Well, this reeks. I venture to think most of us are hoping for a peaceful and fair election in France on 23 April. The candidate I would favor (by default), center-rightist Francois Fillon, almost certainly has no chance of winning at this point. But whoever prevails, I’d rather it be without any hint of foul electoral play.
Unfortunately, due to a longstanding problem in reconciling local voter registration rolls, it appears that as many as 500,000 voters may have been mailed two ballots. The French authorities are said to acknowledge the problem, but to have no plans to do anything about it for this election, other than to prosecute any illegal voting – if it can be detected – after the fact.
The problem isn’t that people have been sent two ballots corresponding to their current voting addresses. It’s that people who have moved from one place to another have been sent ballots corresponding to both their old addresses, and their current ones.
So it is especially unlikely that dual voting would be detected. An individual won’t be voting twice at the same address, but would have the opportunity to vote twice at two different addresses – which are administered by different local voting authorities at the city level.
I’m sure we can assume most of the Frenchmen and women who’ve received two ballots will be honest and cast only one. But the widespread reporting of this problem, which kicked off in the last 24 hours with articles in the big dailies Le Monde and Le Figaro, seems almost designed to call attention to the opportunity it represents.
The double-registration problem does have its oddities. The French outlets reporting on it describe a situation in which voters who have moved dutifully register with their new city halls (mairies), but years later the voting system has failed to de-register them from their old voting addresses. The problem has been known for some time, and was summarized in an IG report in 2014. According to the Le Monde article, there were some 400,000 voters still dual-registered during the last presidential election in 2012, and apparently that number has grown to 500,000 in the years since.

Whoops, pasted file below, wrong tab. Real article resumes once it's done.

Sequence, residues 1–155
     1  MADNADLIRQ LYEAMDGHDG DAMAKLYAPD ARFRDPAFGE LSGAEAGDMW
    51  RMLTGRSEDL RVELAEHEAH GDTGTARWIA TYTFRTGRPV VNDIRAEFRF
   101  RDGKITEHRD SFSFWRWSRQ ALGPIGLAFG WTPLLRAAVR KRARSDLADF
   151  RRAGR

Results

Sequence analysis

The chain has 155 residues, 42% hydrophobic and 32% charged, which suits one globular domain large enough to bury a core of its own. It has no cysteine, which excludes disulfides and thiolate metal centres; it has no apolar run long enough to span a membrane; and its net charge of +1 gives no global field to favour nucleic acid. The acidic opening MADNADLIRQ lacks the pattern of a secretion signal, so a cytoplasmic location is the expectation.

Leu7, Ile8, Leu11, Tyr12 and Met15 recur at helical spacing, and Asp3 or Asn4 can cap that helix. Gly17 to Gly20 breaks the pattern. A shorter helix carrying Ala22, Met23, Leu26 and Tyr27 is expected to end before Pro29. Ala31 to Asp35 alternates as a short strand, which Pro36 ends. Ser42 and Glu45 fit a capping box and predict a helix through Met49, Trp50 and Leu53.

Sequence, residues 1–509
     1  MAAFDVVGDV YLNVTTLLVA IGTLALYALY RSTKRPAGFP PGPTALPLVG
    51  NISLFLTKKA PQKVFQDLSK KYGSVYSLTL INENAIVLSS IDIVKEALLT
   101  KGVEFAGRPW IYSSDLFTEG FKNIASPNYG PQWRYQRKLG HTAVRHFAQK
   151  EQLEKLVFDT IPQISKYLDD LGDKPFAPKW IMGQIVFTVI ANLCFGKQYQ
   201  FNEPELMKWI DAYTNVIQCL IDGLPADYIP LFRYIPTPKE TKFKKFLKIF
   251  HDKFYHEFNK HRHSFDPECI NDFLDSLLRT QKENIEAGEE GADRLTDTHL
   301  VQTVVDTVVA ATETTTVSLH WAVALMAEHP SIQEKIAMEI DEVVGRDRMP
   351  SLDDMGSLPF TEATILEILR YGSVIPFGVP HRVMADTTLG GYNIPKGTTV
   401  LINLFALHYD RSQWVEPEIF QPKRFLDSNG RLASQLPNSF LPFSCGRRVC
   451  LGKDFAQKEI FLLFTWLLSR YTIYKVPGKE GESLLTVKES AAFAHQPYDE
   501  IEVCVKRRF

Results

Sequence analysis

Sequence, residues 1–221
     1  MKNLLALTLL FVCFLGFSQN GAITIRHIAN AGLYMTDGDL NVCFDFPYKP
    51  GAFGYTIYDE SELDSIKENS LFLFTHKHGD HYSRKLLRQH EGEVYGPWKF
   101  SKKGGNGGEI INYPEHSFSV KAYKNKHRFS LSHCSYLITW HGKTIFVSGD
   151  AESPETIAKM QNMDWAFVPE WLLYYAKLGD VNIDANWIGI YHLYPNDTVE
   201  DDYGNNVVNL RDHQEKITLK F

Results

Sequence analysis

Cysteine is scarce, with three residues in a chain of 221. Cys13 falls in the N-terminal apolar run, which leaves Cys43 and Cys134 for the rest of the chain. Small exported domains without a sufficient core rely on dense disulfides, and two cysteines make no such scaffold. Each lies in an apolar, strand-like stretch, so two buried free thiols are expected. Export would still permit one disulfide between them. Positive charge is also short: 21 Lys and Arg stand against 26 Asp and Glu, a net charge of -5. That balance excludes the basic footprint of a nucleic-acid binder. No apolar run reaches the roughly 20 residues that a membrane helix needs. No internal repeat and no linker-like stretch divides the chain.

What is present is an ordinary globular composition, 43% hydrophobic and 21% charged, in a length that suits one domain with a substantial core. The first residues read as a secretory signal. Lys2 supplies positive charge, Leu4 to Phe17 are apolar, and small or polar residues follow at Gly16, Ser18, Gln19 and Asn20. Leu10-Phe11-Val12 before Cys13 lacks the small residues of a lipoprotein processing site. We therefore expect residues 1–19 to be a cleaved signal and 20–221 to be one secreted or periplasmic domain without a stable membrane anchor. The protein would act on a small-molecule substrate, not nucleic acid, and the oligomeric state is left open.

There is a plan to have a national voter registration database by December 2019, which would function finally as a comprehensive clearinghouse for all these dual registrations.
But, again, the election this month is to take place without any precautions against dual voting.
Perhaps all will go off without a hitch. But in an unusual and extraordinarily tight race like the one shaping up between nationalist Marine Le Pen, “center”-leftist Emmanuel Macron, and the surging radical-left candidate Jean-Luc Mélenchon (who claims Hugo Chavez as one of his heroes), it is easy to see even small numbers of votes mattering much more than they ordinarily would.
In fact, an article in the UK Express highlights (if a bit obliquely) the particular vulnerability posed by dual mailings to French citizens living abroad. The overseas voters cast their ballots by mail, so they can vote twice with exceptional ease if they’ve received two. And overseas voters are some of the most likely to vote for Macron or Mélenchon.
Again, it may be that this doesn’t become a bone of contention for the outcome of the election. But it is certainly being played up in the media a week before election day. And the supporters of Le Pen and Mélenchon – the more extreme ends of the spectrum – seem particularly unlikely to simply let it go, if they think their candidates didn’t get a fair shake.
Into the fray, the New York Times has stepped with its inevitable analysis that Russians are hiding in the back alley, breaking into computers and holding sneaky, conspiratorial meetings with French people. Since these meetings are set up by widely-known organizations that were formed between 2004 and 2011, they seem a lot more like the kind of meetings foreign-influence organizations hold everywhere – Chinese and Arabs in the U.S., Japanese and Indians in Turkey, Germans and Brazilians in Indonesia – than like password-controlled Party mole meetings sponsored by the Comintern.
That doesn’t mean the Russians aren’t trying to influence the French election. Of course they are. It does mean that we’re seeing elements of the same pattern in France that we saw surrounding the U.S. election last fall: authorities deliberately ignoring real, documented vulnerabilities in the physical and human operation of the voting system, while the authorities and the media play up the narrative that a fang-toothed Russian cyber-bear can somehow corrupt the French election by sidling up to it and telling lies.
It’s worth keeping an eye on, to the extent that can be done. However you pray, pray for a fair, credible election in France next Sunday.